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Introducing ecological sanitation in northern Mozambique : fieldwork report

This paper focuses on joint ESTAMOS’ and WaterAid’s sanitation projects in Niassa Province, Mozambique. Niassa is located in the northwest corner of Mozambique and is the most sparsely populated province in the country. It is characterised by poor infrastructure, a weak cash-based agricultural economy, and political and social isolation. The programmes discussed here are ecological sanitation projects in two rural districts and in the peri-urban areas of Lichinga.
EcoSan methods safely use human waste as compost. By allowing human waste to decompose with a mixture of ash and soil in permanent latrines, space is saved in often small yards, as the pits do not need to be re-sited and local agriculture benefits from a renewable source of fertile compost. The composting process breaks down any pathogens in the faeces and so the compost is safe to use to grow food. Dry latrines systems also limit both flies and smells. Two types of EcoSan latrines are typically used : 1) the Fossa Alterna, using two permanent shallow pits, partially lined; and 2) the Arbour Loo, a simple ecological sanitation system offering the possibility of avoiding the direct handling of transformed excreta.
The paper presents the key lessons learned from the project. It provides insights into the cultural acceptability of EcoSan, explains the methodologies used to introduce it, explores why many households are choosing it over better promoted alternatives like improved latrines, looks at the key results from monitoring and evaluation in the field and offers some conclusions.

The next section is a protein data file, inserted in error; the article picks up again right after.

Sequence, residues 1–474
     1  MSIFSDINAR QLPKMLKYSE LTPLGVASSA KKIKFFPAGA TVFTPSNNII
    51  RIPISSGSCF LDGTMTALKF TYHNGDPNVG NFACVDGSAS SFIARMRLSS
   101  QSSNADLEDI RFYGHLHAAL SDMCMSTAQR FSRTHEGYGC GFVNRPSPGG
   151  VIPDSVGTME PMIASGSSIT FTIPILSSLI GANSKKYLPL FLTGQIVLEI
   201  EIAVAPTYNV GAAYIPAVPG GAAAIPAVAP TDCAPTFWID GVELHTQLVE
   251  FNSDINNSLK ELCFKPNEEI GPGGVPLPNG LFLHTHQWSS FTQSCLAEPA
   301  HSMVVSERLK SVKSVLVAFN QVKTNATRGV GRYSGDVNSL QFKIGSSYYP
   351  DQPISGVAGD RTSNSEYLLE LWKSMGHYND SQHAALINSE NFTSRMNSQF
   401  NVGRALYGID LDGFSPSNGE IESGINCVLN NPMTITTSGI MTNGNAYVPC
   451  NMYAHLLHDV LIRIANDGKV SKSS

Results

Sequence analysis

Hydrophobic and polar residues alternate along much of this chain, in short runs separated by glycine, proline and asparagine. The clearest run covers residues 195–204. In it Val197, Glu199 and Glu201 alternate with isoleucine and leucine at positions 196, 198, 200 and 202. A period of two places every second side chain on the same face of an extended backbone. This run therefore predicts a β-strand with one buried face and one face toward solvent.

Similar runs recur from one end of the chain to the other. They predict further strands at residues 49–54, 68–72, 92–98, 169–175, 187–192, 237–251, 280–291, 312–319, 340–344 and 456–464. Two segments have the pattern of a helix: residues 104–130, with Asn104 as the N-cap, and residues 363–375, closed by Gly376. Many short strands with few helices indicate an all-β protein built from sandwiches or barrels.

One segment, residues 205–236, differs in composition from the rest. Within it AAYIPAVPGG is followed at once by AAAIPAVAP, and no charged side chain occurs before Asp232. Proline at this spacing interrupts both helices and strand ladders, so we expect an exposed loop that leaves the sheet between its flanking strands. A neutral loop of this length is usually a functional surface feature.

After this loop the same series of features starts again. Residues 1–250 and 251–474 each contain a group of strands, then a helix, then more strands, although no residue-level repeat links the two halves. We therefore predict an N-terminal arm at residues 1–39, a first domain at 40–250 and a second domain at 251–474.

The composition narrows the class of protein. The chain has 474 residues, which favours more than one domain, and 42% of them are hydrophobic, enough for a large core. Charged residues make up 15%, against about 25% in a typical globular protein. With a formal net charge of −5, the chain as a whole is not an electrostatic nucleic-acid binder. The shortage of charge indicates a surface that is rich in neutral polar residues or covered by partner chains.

TitleIntroducing ecological sanitation in northern Mozambique : fieldwork report
Publication TypeMiscellaneous
AuthorsBreslin, E.D., Dos Santos, F.
Pagination8 p. : 3 boxes, photogr.
Date Published2003-01-01 ?
Keywordsacceptance, composting latrines, cultural aspects, ecological sanitation, monitoring, mozambique, religious aspects, sdiafr, sdihyg
Abstract

This paper focuses on joint ESTAMOS’ and WaterAid’s sanitation projects in Niassa Province, Mozambique. Niassa is located in the northwest corner of Mozambique and is the most sparsely populated province in the country. It is characterised by poor infrastructure, a weak cash-based agricultural economy, and political and social isolation. The programmes discussed here are ecological sanitation projects in two rural districts and in the peri-urban areas of Lichinga.
EcoSan methods safely use human waste as compost. By allowing human waste to decompose with a mixture of ash and soil in permanent latrines, space is saved in often small yards, as the pits do not need to be re-sited and local agriculture benefits from a renewable source of fertile compost. The composting process breaks down any pathogens in the faeces and so the compost is safe to use to grow food. Dry latrines systems also limit both flies and smells. Two types of EcoSan latrines are typically used : 1) the Fossa Alterna, using two permanent shallow pits, partially lined; and 2) the Arbour Loo, a simple ecological sanitation system offering the possibility of avoiding the direct handling of transformed excreta.
The paper presents the key lessons learned from the project. It provides insights into the cultural acceptability of EcoSan, explains the methodologies used to introduce it, explores why many households are choosing it over better promoted alternatives like improved latrines, looks at the key results from monitoring and evaluation in the field and offers some conclusions.

Notes6 ref.
Custom 1824, 321.2
Original PublicationIntroduzindo o saneamento ecologico nas areas rurais e peri-urbanas do norte de Mocambique : papel apresentado na: primeira conferencia internacional sobre saneamento ecologico: 5-11 de Novembro de 2001, Nanning, China

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